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Summary

Lindegård Andersson A (2004) Associations between working techniques,

physical and psychosocial loads during VDU work. Arbete och Hälsa 2004:5,

National Institute for Working Life, Stockholm.

The overall aim of this licentiate thesis was to evaluate whether working tech-nique was associated with physical loads and psychosocial loads during VDU work. The thesis is based upon two separate field studies, conducted in two diffe-rent organisations, one at the editorial department of a daily newspaper, and one at a department for engineering in a telecommunication company.

To investigate physical loads two methods were used 1) electromyography for measuring muscular activity and 2) electrogoniometry for measuring wrist postu-res and movements. Psychological loads (psychological demands, emotional stress and perceived muscle tension) were measured with questionnaires. Obser-vations and evaluations of working technique were made, according to an obser-vation protocol.

The results indicated an association between working technique and both physical and psychosocial loads. In study I subjects working with a poor working technique had higher muscle activity in the trapezius muscle on the mouse opera-ting side, and in the forearm muscle. Moreover subjects using a poor working technique worked with more extended wrist than subjects using a good working technique. In study II higher muscular activity (trapezius non–mouse side) was associated with emotional stress and perceived muscle tension, respectively. Per-ception of high muscle tension and high psychological demands, respectively, were associated with poor working technique.

In conclusion, the results showed that working technique during VDU work has an impact on physical loads, and moreover, the results indicated an associ-ation between working technique and psychosocial loads.

Keywords: computer work, musculoskeletal disorders, working technique, physical load, psychosocial load.

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Sammanfattning (Summary in Swedish)

Lindegård Andersson A (2004) Sambandet mellan arbetsteknik, fysiska och

psykosociala faktorer vid datorarbete. Arbete och Hälsa 2004:5,

Arbetslivs-institutet, Stockholm.

Det övergripande syftet med denna licenciat avhandling var, att undersöka möjliga samband mellan arbetsteknik, fysisk, samt psykosocial belastning vid datorarbete.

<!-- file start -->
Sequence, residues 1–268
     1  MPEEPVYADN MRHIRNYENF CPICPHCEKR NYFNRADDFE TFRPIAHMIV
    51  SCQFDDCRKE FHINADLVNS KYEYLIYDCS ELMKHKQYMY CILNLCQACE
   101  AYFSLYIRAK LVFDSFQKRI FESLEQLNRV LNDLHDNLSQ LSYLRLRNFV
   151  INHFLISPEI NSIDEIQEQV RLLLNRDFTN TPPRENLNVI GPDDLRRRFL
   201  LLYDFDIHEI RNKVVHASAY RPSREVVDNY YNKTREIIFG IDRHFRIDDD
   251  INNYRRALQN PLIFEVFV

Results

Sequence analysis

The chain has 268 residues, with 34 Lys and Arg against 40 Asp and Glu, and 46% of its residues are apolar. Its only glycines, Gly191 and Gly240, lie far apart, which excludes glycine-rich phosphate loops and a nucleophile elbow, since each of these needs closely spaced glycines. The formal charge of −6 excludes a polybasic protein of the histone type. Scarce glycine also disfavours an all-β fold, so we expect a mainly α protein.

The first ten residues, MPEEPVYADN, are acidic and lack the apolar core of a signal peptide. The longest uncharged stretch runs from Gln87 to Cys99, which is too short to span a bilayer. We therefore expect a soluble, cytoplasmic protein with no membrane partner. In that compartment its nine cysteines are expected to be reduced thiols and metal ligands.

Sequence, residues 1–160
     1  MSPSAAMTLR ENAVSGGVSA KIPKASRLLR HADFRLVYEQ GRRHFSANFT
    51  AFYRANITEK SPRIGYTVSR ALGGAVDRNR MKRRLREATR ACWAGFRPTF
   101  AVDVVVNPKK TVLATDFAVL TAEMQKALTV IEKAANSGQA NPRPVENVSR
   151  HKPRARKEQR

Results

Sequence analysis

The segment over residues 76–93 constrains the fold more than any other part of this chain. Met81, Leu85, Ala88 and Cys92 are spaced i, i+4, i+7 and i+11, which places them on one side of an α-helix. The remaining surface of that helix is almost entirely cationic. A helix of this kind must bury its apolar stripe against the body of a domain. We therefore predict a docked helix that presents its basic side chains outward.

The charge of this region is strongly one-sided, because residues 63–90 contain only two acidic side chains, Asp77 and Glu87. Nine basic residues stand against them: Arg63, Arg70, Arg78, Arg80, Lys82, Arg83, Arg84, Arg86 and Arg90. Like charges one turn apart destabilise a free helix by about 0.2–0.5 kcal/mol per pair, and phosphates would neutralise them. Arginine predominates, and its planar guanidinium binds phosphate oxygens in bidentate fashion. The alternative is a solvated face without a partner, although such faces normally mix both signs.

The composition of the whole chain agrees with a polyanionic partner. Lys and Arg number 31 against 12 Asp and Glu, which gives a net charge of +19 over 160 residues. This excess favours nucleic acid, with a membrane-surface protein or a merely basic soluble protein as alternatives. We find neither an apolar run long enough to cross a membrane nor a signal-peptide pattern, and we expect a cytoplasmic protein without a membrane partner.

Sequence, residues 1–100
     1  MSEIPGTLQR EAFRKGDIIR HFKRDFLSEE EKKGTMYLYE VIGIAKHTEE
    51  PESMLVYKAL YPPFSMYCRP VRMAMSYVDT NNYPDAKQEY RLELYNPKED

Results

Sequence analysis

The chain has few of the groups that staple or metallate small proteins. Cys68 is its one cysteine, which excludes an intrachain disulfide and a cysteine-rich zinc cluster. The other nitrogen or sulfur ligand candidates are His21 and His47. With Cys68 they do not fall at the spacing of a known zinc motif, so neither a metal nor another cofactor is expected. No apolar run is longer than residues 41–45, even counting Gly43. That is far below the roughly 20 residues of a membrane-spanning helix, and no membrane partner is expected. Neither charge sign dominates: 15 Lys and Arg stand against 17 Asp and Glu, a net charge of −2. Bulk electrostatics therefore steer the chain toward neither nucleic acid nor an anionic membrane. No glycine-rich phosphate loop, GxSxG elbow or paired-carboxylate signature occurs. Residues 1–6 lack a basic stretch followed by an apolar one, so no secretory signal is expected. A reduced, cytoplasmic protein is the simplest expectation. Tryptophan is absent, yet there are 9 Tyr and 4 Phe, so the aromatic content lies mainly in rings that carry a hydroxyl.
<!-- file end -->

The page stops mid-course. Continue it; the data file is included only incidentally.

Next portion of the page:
Licenciat avhandlingen bygger på två separata fältstudier, utförda dels på en redigeringsavdelning på en dagstidning, och dels på en teknisk utvecklingsavdel-ning på ett telekommunikations företag.

För att undersöka fysisk belastning, använde vi oss av två metoder 1) elektro-myografi för att mäta muskelaktivitet, samt 2) elektrogoniometer för att mäta handledsvinklar och handledsrörelser. Den psykosociala belastningen mättes med frågeformulär. Arbetsteknik bedömdes med hjälp av ett observationsprotokoll.

Resultaten visade på ett samband både mellan arbetsteknik och fysiska fak-torer, samt mellan arbetsteknik och psykosociala faktorer. I Studie I fann vi att personer som bedömts arbeta med en dålig arbetsteknik hade högre muskulär belastning i trapeziusmuskulaturen på den sida som hanterade datormusen, samt i underarmsmuskulaturen. Vidare fann vi att personer med dålig arbetsteknik arbetade med större handledsextention än personer med god arbetsteknik. I studie

II visade resultaten att hög muskel aktivitet i trapeziusmuskulaturen (icke

dator-mussidan) hade samband med hög emotionell stress och/eller hög grad av upplevd muskelspänning. Dessutom visade resultaten att höga krav och hög muskel-spänning, var för sig, var associerade till dålig arbetsteknik.

Sammanfattningsvis visar dessa studier att den fysiska belastningen vid dator-arbete påverkas av arbetsteknik, samt att psykosociala faktorer (höga krav, upp-levelse av hög muskelspänning samt emotionell stress) har samband med arbets-teknik.

Nyckelord: datorarbete, muskuloskeletala sjukdomar, arbetsteknik, fysisk belastning, psykosocial belastning.

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Acknowledgements

I would like to thank everybody who has contributed to the work presented here and especially:

Ewa Wigaeus Tornqvist National Institute For Working Life – my main super-visor, but also my very good friend for supporting me with both stimulating discussions and support whenever needed.

Mats Hagberg Department of Occupational and Environmental Medicine – my assistant supervisor for good intellectual discussions and for valuable scientific advice.

Jens Wahlström Department of Occupational and Environmental Medicine Sund-svall – my co-writer and co-worker, my “personal adviser” regarding computer-trouble, and most of all my very good friend without whom the data collection and analysing of results wouldn’t have been such a thrill!

Christina Ahlstrand and Ewa Gustafsson – co-workers at Occupational and Environmental Medicine, Sahlgrenska University Hospital, Göteborg for help with the data collection.

My co-authors: Gert-Åke Hansson, Per Jonsson, Gunnar Ahlborg and Anna Ekman.

Mats Eklöf, Ulrika Wedberg, Katrin Skagert, Lotta Delve, Sara Thomeé, Rebecka Wilhelmsson, Gunilla Öberg, Erik Larsson, Peter Molnar, Pär Ängerheim, “the soup club”, and all other colleagues at Occupational and Environmental Medicine Göteborg.

Helena, Emilia and Magnus – my children for letting me share their joy and problems and for “learning” me to focus on what is important in life!